If you are used to your color to black and white workflow with complicated channels mixing and adjusting, it probably won't make a difference. It would be a forced learning tool.

Most artists thrive with limitations. Many painters could not afford all the pigments in the world, photographers cannot afford dream rigs, when you draw, some things cannot be done at all, and so on...
You set the limits, then you exploit what you have.

From some of the comments I sense a dimming of the photographers eye and a gleam in those dependent on software technology to 'create' a picture. Why is there such a reaction from some to a notion that would diversify what we do ? The best/only black and white option is to convert from colour ? Those suggesting this simply do not understand what is, evidently, a minority view.

"But this is in part why amateur photography has suffered lately, because the pro has gradually replaced the art photographer and especially the photojournalist as the paragon most admired by amateurs."
That is spot on, Mike. As a small indication, by far the most sought after equipment at the moment from amateurs is for long (semi)pro lenses to 'do what the pros do', (and some think they can). Amateur art photography is in the doldrums.

@ our Mr. J: "the pro has gradually replaced the art photographer and especially the photojournalist as the paragon most admired by amateurs"

Maybe it's because of the plethora of magazines that tell you how to "shoot like a pro" when they should be telling you how to shoot like an artist.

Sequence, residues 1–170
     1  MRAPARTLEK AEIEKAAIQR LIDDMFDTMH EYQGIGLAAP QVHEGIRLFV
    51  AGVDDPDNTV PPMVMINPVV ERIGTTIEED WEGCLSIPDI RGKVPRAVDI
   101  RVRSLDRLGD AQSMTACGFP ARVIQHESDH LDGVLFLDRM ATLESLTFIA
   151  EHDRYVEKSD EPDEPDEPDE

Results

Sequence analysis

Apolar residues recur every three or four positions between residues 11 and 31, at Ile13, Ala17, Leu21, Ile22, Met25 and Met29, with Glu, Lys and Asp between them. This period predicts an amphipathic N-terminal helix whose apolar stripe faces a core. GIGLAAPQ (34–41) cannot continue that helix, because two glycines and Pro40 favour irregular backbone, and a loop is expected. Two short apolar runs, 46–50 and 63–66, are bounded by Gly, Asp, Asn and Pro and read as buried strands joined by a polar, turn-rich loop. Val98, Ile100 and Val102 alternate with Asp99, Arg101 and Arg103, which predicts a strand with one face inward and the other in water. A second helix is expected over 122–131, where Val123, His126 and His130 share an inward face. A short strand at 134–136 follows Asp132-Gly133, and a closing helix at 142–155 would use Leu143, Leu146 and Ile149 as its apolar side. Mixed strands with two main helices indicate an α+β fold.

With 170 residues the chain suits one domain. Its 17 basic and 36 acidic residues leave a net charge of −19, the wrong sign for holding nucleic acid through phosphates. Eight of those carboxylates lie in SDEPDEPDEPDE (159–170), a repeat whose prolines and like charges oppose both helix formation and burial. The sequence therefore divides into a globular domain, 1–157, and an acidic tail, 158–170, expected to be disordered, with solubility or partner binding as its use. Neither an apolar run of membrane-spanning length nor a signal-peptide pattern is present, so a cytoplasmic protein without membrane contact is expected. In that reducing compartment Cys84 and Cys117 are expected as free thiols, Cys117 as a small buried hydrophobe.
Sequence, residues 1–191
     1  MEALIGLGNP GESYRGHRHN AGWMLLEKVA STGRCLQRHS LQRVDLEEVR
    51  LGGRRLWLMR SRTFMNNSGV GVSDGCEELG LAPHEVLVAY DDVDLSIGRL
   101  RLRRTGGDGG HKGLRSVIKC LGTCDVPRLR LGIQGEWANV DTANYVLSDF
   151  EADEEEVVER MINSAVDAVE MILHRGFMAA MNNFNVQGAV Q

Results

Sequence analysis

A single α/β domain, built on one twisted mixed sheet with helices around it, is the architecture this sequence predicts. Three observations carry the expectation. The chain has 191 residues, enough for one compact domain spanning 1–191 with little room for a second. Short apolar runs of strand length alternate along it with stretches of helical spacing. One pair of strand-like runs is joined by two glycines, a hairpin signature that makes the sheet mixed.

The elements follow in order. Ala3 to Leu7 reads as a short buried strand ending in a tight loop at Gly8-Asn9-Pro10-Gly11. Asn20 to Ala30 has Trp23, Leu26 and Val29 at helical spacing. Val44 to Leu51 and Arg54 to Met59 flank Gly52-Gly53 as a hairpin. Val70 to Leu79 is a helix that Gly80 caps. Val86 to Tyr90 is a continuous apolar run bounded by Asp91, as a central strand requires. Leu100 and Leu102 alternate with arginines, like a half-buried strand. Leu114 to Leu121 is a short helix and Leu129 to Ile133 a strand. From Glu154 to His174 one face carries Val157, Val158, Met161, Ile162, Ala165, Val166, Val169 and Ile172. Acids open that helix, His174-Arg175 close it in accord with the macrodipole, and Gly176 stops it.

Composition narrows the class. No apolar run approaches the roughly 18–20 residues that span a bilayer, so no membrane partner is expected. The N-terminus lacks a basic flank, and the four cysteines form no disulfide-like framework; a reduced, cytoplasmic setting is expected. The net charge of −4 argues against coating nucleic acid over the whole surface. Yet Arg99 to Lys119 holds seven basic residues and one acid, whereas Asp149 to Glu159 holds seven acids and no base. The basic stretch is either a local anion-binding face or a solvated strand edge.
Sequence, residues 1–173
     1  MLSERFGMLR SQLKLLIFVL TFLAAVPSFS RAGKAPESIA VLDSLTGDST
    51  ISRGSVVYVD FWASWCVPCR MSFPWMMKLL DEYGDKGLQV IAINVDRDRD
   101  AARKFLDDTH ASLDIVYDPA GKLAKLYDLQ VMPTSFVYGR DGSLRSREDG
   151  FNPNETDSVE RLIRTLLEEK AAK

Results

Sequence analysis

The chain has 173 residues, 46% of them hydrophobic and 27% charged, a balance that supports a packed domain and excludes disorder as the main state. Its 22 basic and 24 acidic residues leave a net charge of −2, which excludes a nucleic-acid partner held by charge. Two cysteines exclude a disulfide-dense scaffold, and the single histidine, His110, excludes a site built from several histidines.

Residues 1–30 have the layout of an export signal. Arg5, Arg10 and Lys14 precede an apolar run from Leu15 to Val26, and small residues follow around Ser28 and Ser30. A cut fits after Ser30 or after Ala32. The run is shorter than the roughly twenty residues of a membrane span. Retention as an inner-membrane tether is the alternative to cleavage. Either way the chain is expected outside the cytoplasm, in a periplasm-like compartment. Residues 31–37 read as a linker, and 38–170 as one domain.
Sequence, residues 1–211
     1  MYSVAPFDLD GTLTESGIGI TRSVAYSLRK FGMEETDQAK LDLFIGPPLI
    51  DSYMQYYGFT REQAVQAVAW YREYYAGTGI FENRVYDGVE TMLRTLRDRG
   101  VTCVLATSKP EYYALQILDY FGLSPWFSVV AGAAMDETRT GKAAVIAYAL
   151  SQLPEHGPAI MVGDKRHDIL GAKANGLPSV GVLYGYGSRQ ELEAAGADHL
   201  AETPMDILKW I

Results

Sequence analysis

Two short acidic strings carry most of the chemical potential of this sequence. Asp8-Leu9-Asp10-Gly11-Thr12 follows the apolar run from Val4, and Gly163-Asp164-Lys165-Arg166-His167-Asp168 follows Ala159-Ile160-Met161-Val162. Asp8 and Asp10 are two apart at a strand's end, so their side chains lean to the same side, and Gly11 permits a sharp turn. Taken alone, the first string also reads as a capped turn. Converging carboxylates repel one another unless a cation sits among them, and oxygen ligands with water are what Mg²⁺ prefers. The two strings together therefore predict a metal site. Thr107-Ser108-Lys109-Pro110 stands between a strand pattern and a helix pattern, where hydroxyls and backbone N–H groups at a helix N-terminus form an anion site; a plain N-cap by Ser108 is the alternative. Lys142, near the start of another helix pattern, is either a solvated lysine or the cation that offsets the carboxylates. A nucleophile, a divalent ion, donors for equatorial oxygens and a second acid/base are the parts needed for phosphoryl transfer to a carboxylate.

Mark Hespenheide: "I'm not even a black-and-white photographer, never really have been, and I'd probably buy one if it were under $2000. Just to learn for a year, and push myself."

Would it not be cheaper to just shoot B/W film instead? Obviously there are difference, but if you were only temporarily interested in B/W, you could do so at virtually no loss if buying a used film body and lenses then selling afterwards. In comparison to the massive depreciation digital would take.

That is my thought anyways.

Yes yes yes!

If only the Leica M9-P had a black and white luminance sensor and a mechanical shutter cocking lever…sigh.

"Would it not be cheaper to just shoot B/W film instead?"

I've suggested just that in the past.



A little OT. While reading these comments I remembered one of my favorite conversions from color to black and white. It was a picture of an apple in grass by a photographer in Wisconsin. This photographer may have mumbled something about making prints of said picture and offering them for sale. Have you heard anything about this?

Jim :-)

I'll stop cropping when I get a camera that has a 3:1 format sensor.